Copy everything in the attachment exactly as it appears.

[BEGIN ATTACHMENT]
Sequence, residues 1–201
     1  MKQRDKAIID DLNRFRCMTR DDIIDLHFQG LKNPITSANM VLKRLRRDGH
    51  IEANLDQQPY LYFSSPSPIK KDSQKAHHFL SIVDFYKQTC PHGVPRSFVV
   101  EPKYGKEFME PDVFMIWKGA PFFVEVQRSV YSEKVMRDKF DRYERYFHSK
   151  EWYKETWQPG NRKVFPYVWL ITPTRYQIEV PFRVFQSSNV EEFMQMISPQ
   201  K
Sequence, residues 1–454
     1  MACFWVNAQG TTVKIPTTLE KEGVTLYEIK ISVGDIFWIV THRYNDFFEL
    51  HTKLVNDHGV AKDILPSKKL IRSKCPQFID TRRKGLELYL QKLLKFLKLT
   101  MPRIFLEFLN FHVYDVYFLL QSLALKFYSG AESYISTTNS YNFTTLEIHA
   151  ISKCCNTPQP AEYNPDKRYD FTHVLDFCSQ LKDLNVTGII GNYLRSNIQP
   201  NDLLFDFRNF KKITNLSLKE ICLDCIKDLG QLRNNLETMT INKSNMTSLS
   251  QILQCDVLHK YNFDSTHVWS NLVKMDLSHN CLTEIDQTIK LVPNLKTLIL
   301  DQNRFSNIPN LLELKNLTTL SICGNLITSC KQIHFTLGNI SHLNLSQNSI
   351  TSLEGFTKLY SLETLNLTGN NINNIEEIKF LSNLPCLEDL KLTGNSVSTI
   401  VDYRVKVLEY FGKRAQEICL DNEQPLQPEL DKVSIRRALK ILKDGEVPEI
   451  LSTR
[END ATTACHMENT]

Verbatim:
Sequence, residues 1–201
     1  MKQRDKAIID DLNRFRCMTR DDIIDLHFQG LKNPITSANM VLKRLRRDGH
    51  IEANLDQQPY LYFSSPSPIK KDSQKAHHFL SIVDFYKQTC PHGVPRSFVV
   101  EPKYGKEFME PDVFMIWKGA PFFVEVQRSV YSEKVMRDKF DRYERYFHSK
   151  EWYKETWQPG NRKVFPYVWL ITPTRYQIEV PFRVFQSSNV EEFMQMISPQ
   201  K
Sequence, residues 1–454
     1  MACFWVNAQG TTVKIPTTLE KEGVTLYEIK ISVGDIFWIV THRYNDFFEL
    51  HTKLVNDHGV AKDILPSKKL IRSKCPQFID TRRKGLELYL QKLLKFLKLT
   101  MPRIFLEFLN FHVYDVYFLL QSLALKFYSG AESYISTTNS YNFTTLEIHA
   151  ISKCCNTPQP AEYNPDKRYD FTHVLDFCSQ LKDLNVTGII GNYLRSNIQP
   201  NDLLFDFRNF KKITNLSLKE ICLDCIKDLG QLRNNLETMT INKSNMTSLS
   251  QILQCDVLHK YNFDSTHVWS NLVKMDLSHN CLTEIDQTIK LVPNLKTLIL
   301  DQNRFSNIPN LLELKNLTTL SICGNLITSC KQIHFTLGNI SHLNLSQNSI
   351  TSLEGFTKLY SLETLNLTGN NINNIEEIKF LSNLPCLEDL KLTGNSVSTI
   401  VDYRVKVLEY FGKRAQEICL DNEQPLQPEL DKVSIRRALK ILKDGEVPEI
   451  LSTR